Five Things You Need to Know: GE Enhanced Cash Fund "Breaks the Buck"; Kevin Announces $1,275 in New Writedowns; What Are "Writedowns"?; Macy's Delays Buyback Parade; "$1,000,000 is the new $10,000"
What you need to know (and what it means)!
Kevin Depew's daily Five Things You Need to Know to stay ahead of the pack on Wall Street:
1. GE Enhanced Cash Fund "Breaks the Buck"
- First, let's clear up some confusion created after several wire services picked up the Barron's article.
- Barron's reporter Andrew Bary did a great job making sure in the lead of his story that it was clear this is not a money market mutual fund:
"A SHORT-TERM INSTITUTIONAL BOND FUND MANAGED by General Electric Asset Management apparently has suffered losses in mortgage and asset-backed securities and is offering investors the option to redeem their holdings at 96 cents on the dollar."
- Confusion was created by a number of wire service reports that made it seem as if this was a money market mutual fund.
- It was not a money market mutual fund, and it was not a retail cash management fund.
- As Bary notes, it was an "enhanced cash fund" that seeks to provide a higher yield than money market funds.
- The bulk of the money in the fund, which totaled $5 billion, came largely from GE's pension trust and other GE employee benefit plans.
- Outside institutions were offered the ability to redeem their holdings at 96 cents on the dollar.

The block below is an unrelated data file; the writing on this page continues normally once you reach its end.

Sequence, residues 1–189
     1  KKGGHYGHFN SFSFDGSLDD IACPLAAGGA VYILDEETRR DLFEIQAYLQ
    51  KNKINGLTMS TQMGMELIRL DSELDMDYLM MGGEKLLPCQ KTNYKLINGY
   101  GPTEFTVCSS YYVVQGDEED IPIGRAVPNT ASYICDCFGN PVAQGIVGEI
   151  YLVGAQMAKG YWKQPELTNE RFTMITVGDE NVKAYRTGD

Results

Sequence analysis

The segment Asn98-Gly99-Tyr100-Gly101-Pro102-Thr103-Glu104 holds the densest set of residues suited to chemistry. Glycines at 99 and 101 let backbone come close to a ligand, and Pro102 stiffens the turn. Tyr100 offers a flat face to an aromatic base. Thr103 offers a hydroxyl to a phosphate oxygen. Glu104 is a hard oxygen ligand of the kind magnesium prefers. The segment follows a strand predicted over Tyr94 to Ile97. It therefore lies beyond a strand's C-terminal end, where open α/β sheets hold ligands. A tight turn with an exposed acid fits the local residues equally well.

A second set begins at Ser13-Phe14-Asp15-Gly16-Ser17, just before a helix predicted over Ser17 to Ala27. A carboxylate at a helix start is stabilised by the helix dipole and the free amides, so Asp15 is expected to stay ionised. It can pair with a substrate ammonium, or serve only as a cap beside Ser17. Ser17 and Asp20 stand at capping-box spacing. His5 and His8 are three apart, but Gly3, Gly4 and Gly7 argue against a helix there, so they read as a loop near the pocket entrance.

- The news that it is "breaking the buck" is an important data-point, even if it is not a retail money market fund.
- For one thing, although these cash management funds - even money market funds - are under no obligation to maintain their $1 net asset value, it is extraordinary when they choose not to do so.
- Why? Imagine if you are in charge of cash management at a large institution.
- Would you be willing to hand over your cash to GE's Asset Management products now?
- The larger issue going forward is one of perception.
- In credit markets, perception is something that is very difficult to quantify.
- In fact, perception has been the subtext of every bank conference call I've listened to the past few weeks.
- Time and again, perception is cited as the reason certain assets are not trading and are effectively "frozen."
- But if it were simply a matter of valuation, we'd all buy the "undervalued" credit products and get richer.
- Perception matters.
2. Kevin Announces $1,275 in New Writedowns
Late night I was forced to disclose more than $1,275 in additional writedowns tied to the subprime mortgage mess, and the failure of certain horses to run as expected at Aqueduct, including the collapse of the 8 horse in the 9th race despite having a three-length lead in deep stretch. I mean, who gives up that kind of lead in deep stretch? The horse was literally running backwards in the final furlong!
Investors, meaning "my wife," called the new writedowns "unexpected, shocking and disappointing," especially following on the heels of writedowns last Saturday night totaling more than $500 due to the subprime mortgage mess, and Auburn's inability to cover the spread against Georgia.
The new writedowns are taking place despite a statement released last Sunday morning where I said, "Although the ongoing subprime mortgage market issues are a concern, I am quite confident I have a pretty good grip on the situation at Madison Square Garden today where the winless Heat stand virtually no chance against a Knicks team rejuvenated by the addition of Zach Randolph."